Better to Scan Negs or Prints?greenspun.com : LUSENET : Black and White Photography: Digital Printing : One Thread
If I were building a B+W photo website from traditional process photos, is it better to scan the large scale prints or are there negative scanners that can go straight to digital with similar quality? Pros and Cons?
-- Michael Heath (firstname.lastname@example.org), March 16, 1999
you might as well scan from existing art as you do not ned a lot of detail for the web But film scaners are cool if you want to dobetter digital out put
-- David Hodgson (email@example.com), March 17, 1999.
For my web work, I have decided to stick with scans of the 10x8 prints. Why? Because (a) flat-bed scanners of adequate quality are much cheaper (40 UK pounds) than film scanners; (b) I can readily dodge and burn in the darkroom, bringing all the tones within the capabilities of the paper, so no hand-work (which would lower the quality) is required on the computer; (c) I want decent quality prints anyway.
But my main goal is good prints, with the web as a secondary goal. If the web was the primary goal, and I wanted to skip the darkroom, I would want a 16-bit scanner that could scrape all the detail from the negative, and appropriate software to do dodging and burning. I would have to be prepared to spend a lot of money on computer hardware that would be obsolete 6 months after I bought it. (My darkroom gear was already obsolete before I bought it, so the value doesn't drop much.)
Of course, there are other considerations. If speed was of the essence, skipping the darkroom might be faster.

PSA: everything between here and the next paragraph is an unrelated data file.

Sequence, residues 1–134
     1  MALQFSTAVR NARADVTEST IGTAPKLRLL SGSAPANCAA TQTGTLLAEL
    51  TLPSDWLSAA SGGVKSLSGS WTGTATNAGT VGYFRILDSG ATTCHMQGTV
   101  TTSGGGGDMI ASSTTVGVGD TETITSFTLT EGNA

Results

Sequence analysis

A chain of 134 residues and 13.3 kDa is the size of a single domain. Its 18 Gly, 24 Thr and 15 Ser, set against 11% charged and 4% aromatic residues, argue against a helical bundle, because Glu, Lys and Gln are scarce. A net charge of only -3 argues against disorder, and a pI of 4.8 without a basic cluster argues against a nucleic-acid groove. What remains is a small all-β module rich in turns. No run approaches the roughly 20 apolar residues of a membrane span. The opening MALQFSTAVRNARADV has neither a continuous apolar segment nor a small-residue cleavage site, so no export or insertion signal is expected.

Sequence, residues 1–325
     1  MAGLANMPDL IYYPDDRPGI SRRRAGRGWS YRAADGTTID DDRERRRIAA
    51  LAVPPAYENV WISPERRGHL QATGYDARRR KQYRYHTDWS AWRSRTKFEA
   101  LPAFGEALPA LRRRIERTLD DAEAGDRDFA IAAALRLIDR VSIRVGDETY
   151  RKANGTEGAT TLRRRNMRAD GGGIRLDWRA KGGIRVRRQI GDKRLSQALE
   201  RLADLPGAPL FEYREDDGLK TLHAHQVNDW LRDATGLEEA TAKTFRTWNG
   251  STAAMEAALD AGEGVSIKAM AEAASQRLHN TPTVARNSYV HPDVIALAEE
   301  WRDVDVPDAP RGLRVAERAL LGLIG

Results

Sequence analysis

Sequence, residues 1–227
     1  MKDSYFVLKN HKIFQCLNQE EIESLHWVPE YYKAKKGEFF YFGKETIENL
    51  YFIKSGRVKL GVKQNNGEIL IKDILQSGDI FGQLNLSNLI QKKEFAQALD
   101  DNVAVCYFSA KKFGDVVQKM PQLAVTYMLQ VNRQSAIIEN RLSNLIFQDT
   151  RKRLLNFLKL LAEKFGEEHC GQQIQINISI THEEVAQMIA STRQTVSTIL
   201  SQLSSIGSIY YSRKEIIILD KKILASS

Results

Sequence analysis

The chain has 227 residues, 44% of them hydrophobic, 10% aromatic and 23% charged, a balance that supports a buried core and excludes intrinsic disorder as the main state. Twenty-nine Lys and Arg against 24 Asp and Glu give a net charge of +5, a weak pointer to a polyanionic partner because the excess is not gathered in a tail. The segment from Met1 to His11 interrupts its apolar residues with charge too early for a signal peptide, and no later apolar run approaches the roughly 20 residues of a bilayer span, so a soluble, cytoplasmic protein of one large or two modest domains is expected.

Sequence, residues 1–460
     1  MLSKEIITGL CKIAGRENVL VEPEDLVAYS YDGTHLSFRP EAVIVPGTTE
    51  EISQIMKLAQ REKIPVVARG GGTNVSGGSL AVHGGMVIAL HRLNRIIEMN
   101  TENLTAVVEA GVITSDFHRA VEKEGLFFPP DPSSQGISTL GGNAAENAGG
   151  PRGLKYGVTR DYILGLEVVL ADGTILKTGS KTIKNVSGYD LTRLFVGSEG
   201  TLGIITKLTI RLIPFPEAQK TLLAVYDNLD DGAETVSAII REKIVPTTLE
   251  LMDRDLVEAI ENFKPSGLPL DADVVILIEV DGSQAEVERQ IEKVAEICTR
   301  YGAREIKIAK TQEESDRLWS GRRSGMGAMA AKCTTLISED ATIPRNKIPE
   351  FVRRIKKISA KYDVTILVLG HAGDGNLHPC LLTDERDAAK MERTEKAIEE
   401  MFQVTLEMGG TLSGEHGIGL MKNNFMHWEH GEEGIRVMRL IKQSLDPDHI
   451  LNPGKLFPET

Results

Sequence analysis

-- Alan Gibson (Alan.Gibson@technologist.com), March 22, 1999.
For a number of reasons, I bought a negative scanner but I am looking at digital printing rather than Web site work - so resolution is far more important.
First, I don't need to make a print first - this is a significant time saver for me, as I don't have a darkroom.
Second, I'm not limited by the print quality - especially with the loss of shadow or highlight details.
Thirdly, the Nikon Coolscan negative scanners are reasonably cheap (starting approx. $1100 Australian dollars).
Fourthly, I don't have a need for a scanner outside photography.
Finally, the resolution of my Coolscan is very good - 2700 dpi optical.
A significant limitation is that affordable negative scanners only do 35mm.
I've been very happy with the results - the quality is excellent. I use a Epson Photo EX printer.
Regards Gareth Jolly
-- Gareth Jolly (firstname.lastname@example.org), March 22, 1999.
I have covered this to some extent in an article on our website - look for the "new" page on the Epson 1200 (includes for 740 and 750 in principle) which also covers basic and recommendations re: scanning, Photoshop and printer settings, etc. - predominantly for mono prints using the black cartridge ink only - now possible due the variable droplet technology coming to the black as well as the colour inks on these Epson models. http://www.photo-snowdonia.freeserve.co.uk
-- Brian SL Allen, HonFZPS,AHFAP (email@example.com), July 10, 1999.